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And hoift thee up to the shouting Plébeians ::
my worthiest self. The witch shall die; To the Roman boy the hath sold me, and I fall Under this plot: The dies for't.--Eros, ho ! “ (Exit. of SCENE XI. Alexandria. A Room in the Palace. “ Enter Cleopatta, Charmian, Iras, and Mardian.
" .Cle. Help me, my women : O, he is more mad " Then-Thamon for-bis fhield; the boar of Thessaly “ Was never to imboft.
u Cba: To the monument; “ There lock yourself, and send him word you are deado “ The foul and body rive not more in parting, “ Than greatness going off.
« Cle. To the monument : “ Mardian, go tell him I have slain myself; “ Say, that the last I spoke was, Antony, " And word it, pr'ythee; piteülty: hence, Mardian ; “ And bring me how he takes my death. To the mo
• nument I.
1 There is no manner of occasion for retaining this short scene; as the purport of it is afterwards sufficiently explained : Eros may properly, and more fignificantly, come on at Antony's firft callo
" SCENE XII. The fame. Another Room.
“ Erter Antony, and Eros. Ant. Eros, thou yet behold'ft me? Ero. Ay, noble lord.
Ant. Sometime, we see a cloud that's dragonith; A vapour, sometime, like a bear, or lion, A tower'd citadel, a pendant rock, A forked mountain, or blue promontory With trees upon't, that nod unto the wind, And mock our eyes with air: thou hast seen these signs ; They are black vesper's pageants ?
Ero. Ay, my lord.
Axt. That, which is now a horse, even with a thought The rack dilimns; and makes it indistinct, As water is in water.
Ero. It does, my lord.
Ant. My good knave, Eros, now thy captain is !
Mar. No, Antony ;
Ant. Hence, saucy eunuch ; peace ;
The diffolvable, vapourith Aate of fortune's moft Ariking appears ances, is excellently depicted in the allufions Antony here makes; every ftate of human nature, almost every day, proves the truth of this contracted, but just and expletive picture.
Mar, Death of one person can be pay'd but once ; And that she hath discharg'd: what thou would't do Is done unto thy hand; the last the spake Was, Artony! most noble Antony ! Then in the midst a tearing groan did break The name of Antony ; it was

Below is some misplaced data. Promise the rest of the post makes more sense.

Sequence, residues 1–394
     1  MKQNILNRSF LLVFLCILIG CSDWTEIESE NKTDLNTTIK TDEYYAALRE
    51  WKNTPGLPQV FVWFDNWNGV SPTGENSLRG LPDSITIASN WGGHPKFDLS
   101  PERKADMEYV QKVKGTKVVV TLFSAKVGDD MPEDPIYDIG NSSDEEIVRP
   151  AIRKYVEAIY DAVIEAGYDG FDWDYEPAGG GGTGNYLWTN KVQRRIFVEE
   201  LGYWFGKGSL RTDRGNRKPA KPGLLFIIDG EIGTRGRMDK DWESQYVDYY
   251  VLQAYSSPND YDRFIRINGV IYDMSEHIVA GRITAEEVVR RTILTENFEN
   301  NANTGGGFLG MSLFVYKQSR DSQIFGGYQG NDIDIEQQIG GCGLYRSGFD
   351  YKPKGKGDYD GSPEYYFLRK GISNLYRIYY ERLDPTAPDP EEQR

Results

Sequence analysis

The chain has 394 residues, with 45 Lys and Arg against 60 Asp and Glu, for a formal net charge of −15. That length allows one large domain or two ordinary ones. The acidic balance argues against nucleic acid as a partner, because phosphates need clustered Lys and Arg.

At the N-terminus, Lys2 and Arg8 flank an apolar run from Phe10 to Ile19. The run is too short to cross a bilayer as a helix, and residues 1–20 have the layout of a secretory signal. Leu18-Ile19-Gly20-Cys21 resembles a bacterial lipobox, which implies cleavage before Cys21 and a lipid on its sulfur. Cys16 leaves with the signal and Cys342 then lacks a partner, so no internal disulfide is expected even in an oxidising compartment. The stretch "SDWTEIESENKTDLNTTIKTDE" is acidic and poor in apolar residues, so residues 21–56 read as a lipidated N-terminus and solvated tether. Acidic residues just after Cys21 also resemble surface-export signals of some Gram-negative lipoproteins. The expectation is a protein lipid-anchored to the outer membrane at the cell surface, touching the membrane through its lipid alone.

Ant. Dead then ?
Ant. Unarm me, Eros ; the long day's tak is done,
[Exit Erosa I will o'er-take thee, Cleopatra, and
my pardon. So it must be, for now All length is torture ; since the torch is out, Lie down, and tray no farther : now all labour Marrs what it does ; yea, very force entangles Itself with strength : seal then, and all is done Eros !- I come, my queen :-- Eros ! Stay for me :Where fouls do couch on flowers, we'll hand in hand; And with our sprightly port make the ghosts gaze : Dido and her Æneas shall want troops, And all the haunt he ours.--Come, Eros, Eros
Ant. Since Cleopatra dy'd,
* Here the portrait of a man, over. powered with amorous credulity, is most faithfully described. Antony is by no means a valuable, yet he is occasionally a pitiable character; upon the fame principle that we admire heroism, we commiserate, under particular circumstances, folly.
Deteft my baseness. I, that with
Ero..The gods withold me!
Ero. I would not see't.
“ Ant. Come then ; for with a wound I must be cur'd. “ Draw that thy honest sword, which thou hast worn “ Most useful for thy country.
“ Ero. O, sir, pardon me. , “ Ant. When I did make thee free, swor'ft thou not
“ To do this when I bade thee? Do it at once ;
Ero. Turn from me then that noble countenance,
# If there can be an argument for a man's desiring, or contria Buting to his own dea:h, Marc Antony certainly here advances it, and with dignity of feeling: defiring asiliance in this point from a friend, or a dependant, was common amongst the Romans, but we think not juftifiable to als or be complied withe
Ant. Lo thee.
[turning away his face, Ero. My sword is drawn.
Ant. Then let it do at once
· Ero. My dear master,
Ant. 'Tis faid, man; and farewel.
I do escape the sorrow
Ant. Thrice nobler than myself! Thou teacheft me, O valiant Eros, what I should, and thou could'ít not. My queen and Eros Have, by their brave instruction, got upon me A nobleness in record : but I will be A bride-groom in my death, and run into't As to a lover's bed. Come then ; (raking. Eros' favord]
and, Eros, Thy master dies thy scholar; to do thus (running on it. I learnt of thee. · How ! not yet dead ? not dead?
Enter Guard, and Dercetas. The guard ? how!-O, dispatch me,
j: G. What's the noise ? Ant. I have done my work ill, friends z O, make an
2. G. The star is fallen.
[Exeunt Guard, Der. Thy death and fortines bid thy followers fly. This sword but shewn to Cafar, with this tidings, Shall cnter me wi:h him.